As we pull into the this state park I can’t believe my eyes.  The lake, a pretty blue color (With a name like Bluewater, I didn’t expect it to be any other color. Ha!), is the only thing beautiful about this park.

DSC_0069Bluewater Lake SP, La Tusas

There are two vault toilets, one here on the flat, one higher up on the knoll.  Picnic tables are metal and rusted, none looking very level.  Fire pits are circled with rocks.  Here and there broken glass can be found, and there’s very little shade.  NO WATER AND NO GARBAGE. Dirt roads, no pavement anywhere.

A small travel trailer and a tent are parked along the shore of the lake; other than that there is no one here, except for a white pickup which turns out to be the ranger. I ask him about this area,  He must read my mind from the look on my face because the first thing he does is tell me there is another section to the lake.

I remember the freeway sign back by Grants. I tell him that I was looking for an electric hookup as my solar setup isn’t working.  He assures me the other part of Bluewater has electric and is all but empty since school started.  I ask about the country road that looks like it might take one back to the other side without going back out on the freeway, but he says it’s not a good road and is about an hour and a half drive even though it’s the shorter route.  Back to the freeway takes about 20 minutes.

Because we need to spread out our travel a bit more—Quartzsite in August/September is still broiling—I decide we can at least stay one night here.  The phone can be charged with my backpacker’s solar unit, and that’s the most important thing.  I have a couple of movies downloaded from Netflix that can be watched offline, and my Kindle for reading so we’re good for another day.

We take some long walks, biding our time, and get a great night’s sleep.  This side of Bluewater may be lacking in amenities, but it is long on quiet.

The Boys are anxious to get moving, and we head out early.  DSC_0070 (1)MissAdventue and Fries at Bluewater Lake La Tusas side

On the way back out to the freeway I spot these wild horses on the other side of the highway.  Beautiful animals!!

DSC_0071Stallion on the bluff, love this shot
The Stallion

DSC_0072Mare Navigating the Path     DSC_0076 (1)Wild Horses

 

 

Thanks for joining us!  See you on the other side of the lake! Hugs, Shawna

El Morro National Monument

It’s about 20 miles from El Malpais to El Morro.  It’s a nice drive along Hwy 53, two-lanes with not much traffic.  We climb a little in elevation and get into some timber. I make a mental note to look for an entry onto BLM land here, and almost as soon as we are in the timber we are heading back down out of it.  Dang!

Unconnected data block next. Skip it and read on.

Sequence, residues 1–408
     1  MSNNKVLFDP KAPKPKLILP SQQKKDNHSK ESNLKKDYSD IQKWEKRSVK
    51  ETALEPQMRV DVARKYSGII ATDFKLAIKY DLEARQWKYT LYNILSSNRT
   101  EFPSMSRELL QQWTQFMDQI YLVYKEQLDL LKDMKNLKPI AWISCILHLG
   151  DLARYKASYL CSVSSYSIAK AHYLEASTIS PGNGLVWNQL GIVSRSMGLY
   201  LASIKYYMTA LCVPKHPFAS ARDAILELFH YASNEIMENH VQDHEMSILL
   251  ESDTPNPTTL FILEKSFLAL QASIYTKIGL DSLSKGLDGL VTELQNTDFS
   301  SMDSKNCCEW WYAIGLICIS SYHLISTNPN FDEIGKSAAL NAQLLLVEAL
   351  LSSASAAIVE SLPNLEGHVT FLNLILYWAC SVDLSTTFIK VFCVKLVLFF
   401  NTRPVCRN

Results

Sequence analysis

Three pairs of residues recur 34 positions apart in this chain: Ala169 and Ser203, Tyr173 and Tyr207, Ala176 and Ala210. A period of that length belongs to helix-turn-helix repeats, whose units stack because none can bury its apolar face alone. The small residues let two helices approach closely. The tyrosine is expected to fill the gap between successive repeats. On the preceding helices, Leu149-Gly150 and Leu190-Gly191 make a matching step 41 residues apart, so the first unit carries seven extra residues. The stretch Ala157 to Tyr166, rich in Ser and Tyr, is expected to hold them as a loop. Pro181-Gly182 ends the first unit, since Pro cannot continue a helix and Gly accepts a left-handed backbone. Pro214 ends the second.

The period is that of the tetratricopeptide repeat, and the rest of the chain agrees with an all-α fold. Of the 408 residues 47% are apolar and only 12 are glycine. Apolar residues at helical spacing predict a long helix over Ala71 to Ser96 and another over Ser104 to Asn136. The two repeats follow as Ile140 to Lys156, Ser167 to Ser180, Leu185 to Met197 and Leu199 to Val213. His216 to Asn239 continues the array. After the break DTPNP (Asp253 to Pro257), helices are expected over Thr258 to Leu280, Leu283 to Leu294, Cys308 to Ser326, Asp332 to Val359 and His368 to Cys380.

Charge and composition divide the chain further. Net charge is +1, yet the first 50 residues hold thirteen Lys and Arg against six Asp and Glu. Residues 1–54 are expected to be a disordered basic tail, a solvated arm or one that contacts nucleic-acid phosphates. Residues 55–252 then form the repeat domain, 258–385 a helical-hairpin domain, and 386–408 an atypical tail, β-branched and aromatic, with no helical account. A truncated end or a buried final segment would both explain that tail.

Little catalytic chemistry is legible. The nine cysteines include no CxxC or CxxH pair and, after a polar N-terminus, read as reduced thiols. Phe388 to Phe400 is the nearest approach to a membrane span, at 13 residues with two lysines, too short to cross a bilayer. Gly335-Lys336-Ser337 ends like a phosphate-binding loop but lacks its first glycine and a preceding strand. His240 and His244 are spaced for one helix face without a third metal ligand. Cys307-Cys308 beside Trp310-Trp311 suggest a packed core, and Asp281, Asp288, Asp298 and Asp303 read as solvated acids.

Entrance Sign With El Morro in the Background

DSC_0032 (1)Informatiave Sign for El Morro
Click the photo to enlarge

El Morro, famous as a wayside and the Blue Pool that provided water to travelers in the 1800s and prior, is an interesting place. Travelers left messages for others on the sandstone cliffs known as Inscription Rock inscribing said messages or just a “I was here” with whatever was available to them: a knife, a stick, perhaps an eating utensil.
Talking with the friendly staff in the visitor’s center I find The Chiweenie Brothers are welcome to take the walking tour with me. Come on Boys let’s check this out!

DSC_0033 (1)El Morro     DSC_0041Path Along the El Morro Loop

DSC_0039The Blue Pool
The Blue Pool, which was destroyed, in a flood if I remember correctly, was repaired then fenced off.  Hard to get a good shot of this amazing water source out in th middle of nowhere.

 

 

DSC_0055Magnificent El Morro

An easy interesting walk, a walk around the rock would be nice, but it’s getting hot.  We continue the loop that takes us back to the visitor’s center. The Boys eagerly jump into the back and slurp up fresh water.  “Refreshed guys? Let’s go check out the campground!”

El Morro National Monument has a small free campground with water, a vault toilet, tables, and fire rings.  The few choice shaded spots are all occupied.  We try staying a bit in one of the sunnier spots but after just a few minutes it is apparent that it will be too hot to stay here long enough for the sun to get low enough to make it bearable.

Sadly, we will not be making the walk around El Morro’s perimeter, and we head back out to Hwy 53 and search for a spot back where the pine trees and juniper make an appearance.  Fortunately we find a lovely well-shaded spot to park for the rest of the day and stay the night here. It’s quiet and peaceful behind a closed gate.

August 23rd — It’s our Vanniversary!! We’ve been traveling for two years, and what a wonderful two years it has been! So many beautiful places, so many wonderful experiences.  And a big THANK YOU to all of you have come along for the ride.  Yes, this is my personal journal of our adventures, but how nice to have you all come along with us. Again, THANK YOU! Hugs, Shawna

El Malpais National Monument

August  22, 2019.  There is not a single soul here except The Chiweenie Brothers and me. I park MissAdventure get The Boys leashed and we head out to walk the trail as far out as we can get before this lovely clear blue cloudless day begins to heat up.

 

DSC_0016 (1)Part of the trail at El Malpais

DSC_0009 (1)

The lava caves remind me of the areas around Burney CA in Shasta County and Modoc County.  In an effort to keep white nose-syndrome that affects bats from spreading or being introduced into the caves—which are accessible if one wants to enter them—there is a shoe cleaning station at the beginning of the trail.

There are many caves in this area, and The Chiweenie Brothers and I enjoy our early morning walk although we didn’t make the full loop.  I’d say we walked two miles in before it started heating up to a point where I was feeling decidely uncomfortable and we forego seeing the crater that is farther out.

Interesting area to explore!  It’s early enough that we can travel on Hwy 53 to El Morro.  See you there!  Hugs, Shawna